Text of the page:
The LJ Hooker Foundation – the charity arm of LJ Hooker offices nationwide – will donate the full purchase price of the three-bedroom, two-bathroom home at Malua Bay, New South Wales, to Cystic Fibrosis Australia (CFA), to continue its advocacy and support for those living with the condition.
The home has been named Red Rose House in honour of CFA’s emblem.
The idea is the brainchild of former LJ Hooker agent Michael Skuse. More than two hundred volunteers, including representatives of multinationals and SMEs, were involved in the project.
LJ Hooker CEO Grant Harrod said it was fitting that the product of community goodwill would go to such an important cause.
“To have the house come out of the ground, from the sourcing of land to the bespoke finishes and final internal fittings, is an enormous achievement,” Mr Harrod said.
“We’re very pleased for the LJ Hooker offices and wider business leaders whose generosity will be acknowledged and turned over to the CF [cystic fibrosis] community on January 28.”
Mr Harrod said Red Rose House was a “touching example” of community goodwill, adding that the LJ Hooker Foundation was proud to be supporting the project.
“And for the successful bidders, they’ll likewise be credited with making a significant contribution to the CF community, which itself is very exciting.”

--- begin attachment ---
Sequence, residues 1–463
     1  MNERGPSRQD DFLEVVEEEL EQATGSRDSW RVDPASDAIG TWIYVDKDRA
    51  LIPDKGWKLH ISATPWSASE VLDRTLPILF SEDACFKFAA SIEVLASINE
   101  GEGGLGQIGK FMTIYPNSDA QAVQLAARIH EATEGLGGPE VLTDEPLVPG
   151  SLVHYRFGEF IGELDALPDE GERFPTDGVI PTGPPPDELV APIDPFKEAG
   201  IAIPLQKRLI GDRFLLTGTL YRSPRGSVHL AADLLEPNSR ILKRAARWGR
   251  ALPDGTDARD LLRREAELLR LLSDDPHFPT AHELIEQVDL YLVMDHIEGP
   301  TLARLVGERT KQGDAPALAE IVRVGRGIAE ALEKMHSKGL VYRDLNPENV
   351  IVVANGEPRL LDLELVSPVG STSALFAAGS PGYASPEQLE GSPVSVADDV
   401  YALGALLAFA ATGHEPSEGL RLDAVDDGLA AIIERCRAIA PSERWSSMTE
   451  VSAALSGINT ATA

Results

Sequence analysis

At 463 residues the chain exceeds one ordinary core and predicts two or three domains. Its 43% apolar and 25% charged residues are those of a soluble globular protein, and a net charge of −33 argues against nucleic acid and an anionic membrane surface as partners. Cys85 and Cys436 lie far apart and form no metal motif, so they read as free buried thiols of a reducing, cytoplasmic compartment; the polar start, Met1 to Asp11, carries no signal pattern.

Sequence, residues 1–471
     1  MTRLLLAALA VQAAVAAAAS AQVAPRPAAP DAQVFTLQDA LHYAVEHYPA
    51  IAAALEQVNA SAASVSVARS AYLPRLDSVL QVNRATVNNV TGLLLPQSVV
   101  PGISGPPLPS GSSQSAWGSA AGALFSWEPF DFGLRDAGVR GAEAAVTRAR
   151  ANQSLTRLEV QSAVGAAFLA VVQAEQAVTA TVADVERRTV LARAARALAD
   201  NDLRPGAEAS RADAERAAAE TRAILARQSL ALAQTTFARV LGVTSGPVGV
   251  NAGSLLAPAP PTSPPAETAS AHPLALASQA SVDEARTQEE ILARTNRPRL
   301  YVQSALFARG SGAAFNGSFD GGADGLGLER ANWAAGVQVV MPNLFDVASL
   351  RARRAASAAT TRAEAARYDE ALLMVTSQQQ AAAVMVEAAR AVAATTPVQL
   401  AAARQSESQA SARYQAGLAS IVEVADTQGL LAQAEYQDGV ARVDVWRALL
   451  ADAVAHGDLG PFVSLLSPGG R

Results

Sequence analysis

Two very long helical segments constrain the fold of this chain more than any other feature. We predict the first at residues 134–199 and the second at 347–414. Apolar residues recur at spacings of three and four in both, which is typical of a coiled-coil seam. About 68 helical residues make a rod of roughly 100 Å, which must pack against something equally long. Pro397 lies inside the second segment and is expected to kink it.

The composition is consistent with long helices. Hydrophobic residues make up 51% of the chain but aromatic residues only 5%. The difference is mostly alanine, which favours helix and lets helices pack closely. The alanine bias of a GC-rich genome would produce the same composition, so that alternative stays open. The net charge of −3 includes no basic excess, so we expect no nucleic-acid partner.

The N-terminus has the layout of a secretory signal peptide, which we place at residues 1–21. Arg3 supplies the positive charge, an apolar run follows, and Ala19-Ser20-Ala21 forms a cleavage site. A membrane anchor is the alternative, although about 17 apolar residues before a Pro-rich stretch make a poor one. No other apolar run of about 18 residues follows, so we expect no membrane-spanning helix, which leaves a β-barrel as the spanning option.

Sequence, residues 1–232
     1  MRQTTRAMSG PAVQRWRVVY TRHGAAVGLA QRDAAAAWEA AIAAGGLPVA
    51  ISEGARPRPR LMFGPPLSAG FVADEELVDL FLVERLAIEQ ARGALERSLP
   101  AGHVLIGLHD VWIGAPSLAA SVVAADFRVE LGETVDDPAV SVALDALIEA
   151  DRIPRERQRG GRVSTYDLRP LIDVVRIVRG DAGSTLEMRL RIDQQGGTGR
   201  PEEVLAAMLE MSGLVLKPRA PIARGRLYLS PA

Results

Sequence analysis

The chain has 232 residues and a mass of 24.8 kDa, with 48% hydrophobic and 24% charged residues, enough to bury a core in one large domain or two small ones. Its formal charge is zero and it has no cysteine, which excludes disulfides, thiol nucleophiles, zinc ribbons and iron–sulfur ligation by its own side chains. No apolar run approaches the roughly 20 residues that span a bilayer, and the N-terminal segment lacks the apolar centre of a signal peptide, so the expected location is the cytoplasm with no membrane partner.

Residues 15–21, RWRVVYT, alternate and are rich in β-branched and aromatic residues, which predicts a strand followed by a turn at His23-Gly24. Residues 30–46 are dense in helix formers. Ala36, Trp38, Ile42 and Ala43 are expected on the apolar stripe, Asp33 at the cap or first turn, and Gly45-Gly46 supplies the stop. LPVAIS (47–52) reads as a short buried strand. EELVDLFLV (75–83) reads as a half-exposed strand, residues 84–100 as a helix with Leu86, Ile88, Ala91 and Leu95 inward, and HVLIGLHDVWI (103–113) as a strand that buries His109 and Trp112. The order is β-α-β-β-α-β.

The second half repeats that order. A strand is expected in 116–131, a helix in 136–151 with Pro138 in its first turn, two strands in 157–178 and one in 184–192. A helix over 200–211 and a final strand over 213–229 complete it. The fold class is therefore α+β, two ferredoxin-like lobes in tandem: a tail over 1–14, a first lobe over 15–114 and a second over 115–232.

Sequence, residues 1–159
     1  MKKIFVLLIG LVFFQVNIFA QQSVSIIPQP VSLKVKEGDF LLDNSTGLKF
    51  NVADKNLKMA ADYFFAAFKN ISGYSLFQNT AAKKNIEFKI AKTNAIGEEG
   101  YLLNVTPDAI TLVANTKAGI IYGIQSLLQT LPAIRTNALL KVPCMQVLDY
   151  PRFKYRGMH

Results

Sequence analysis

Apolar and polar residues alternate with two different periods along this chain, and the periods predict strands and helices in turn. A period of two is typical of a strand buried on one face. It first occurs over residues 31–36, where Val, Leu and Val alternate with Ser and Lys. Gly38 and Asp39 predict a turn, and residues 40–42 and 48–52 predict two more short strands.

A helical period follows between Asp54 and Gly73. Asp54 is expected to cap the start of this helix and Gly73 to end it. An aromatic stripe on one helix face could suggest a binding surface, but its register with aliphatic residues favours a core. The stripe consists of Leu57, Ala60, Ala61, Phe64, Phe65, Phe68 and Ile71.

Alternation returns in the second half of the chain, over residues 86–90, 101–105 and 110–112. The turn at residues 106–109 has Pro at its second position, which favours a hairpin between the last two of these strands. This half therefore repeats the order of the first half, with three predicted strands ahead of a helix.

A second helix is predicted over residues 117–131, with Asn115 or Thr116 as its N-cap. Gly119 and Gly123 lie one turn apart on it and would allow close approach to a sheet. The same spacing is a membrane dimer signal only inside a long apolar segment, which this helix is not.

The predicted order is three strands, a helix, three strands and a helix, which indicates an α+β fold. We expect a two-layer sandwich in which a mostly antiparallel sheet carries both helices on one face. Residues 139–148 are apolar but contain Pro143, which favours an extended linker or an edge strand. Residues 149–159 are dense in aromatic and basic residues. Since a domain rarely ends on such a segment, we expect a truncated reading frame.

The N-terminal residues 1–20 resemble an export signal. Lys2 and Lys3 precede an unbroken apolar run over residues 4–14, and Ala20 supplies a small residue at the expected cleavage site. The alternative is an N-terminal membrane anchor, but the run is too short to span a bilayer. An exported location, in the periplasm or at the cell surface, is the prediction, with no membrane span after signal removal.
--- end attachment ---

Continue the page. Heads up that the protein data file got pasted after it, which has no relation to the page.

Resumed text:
Cystic Fibrosis Australia CEO Nettie Burke thanked the LJ Hooker Foundation for the donation, saying the house was a poignant representation of life with cystic fibrosis.
“Building a home is a step-by-step process. Likewise, living with cystic fibrosis involves regimented, step-by-step living that involves a tortuous combination of hours of physiotherapy and countless daily intakes of life saving drugs,” Ms Burke said.
Situated in a holiday spot popular with Sydneysiders and Canberrans, the Red Rose house is located only 15 minutes from Batemans Bay, NSW and approximately two hours from Canberra.
All money raised from the sale of Red Rose House will go to Cystic Fibrosis Australia’s research programs and support its efforts to increase life expectancy from 37 to 50 years by 2025.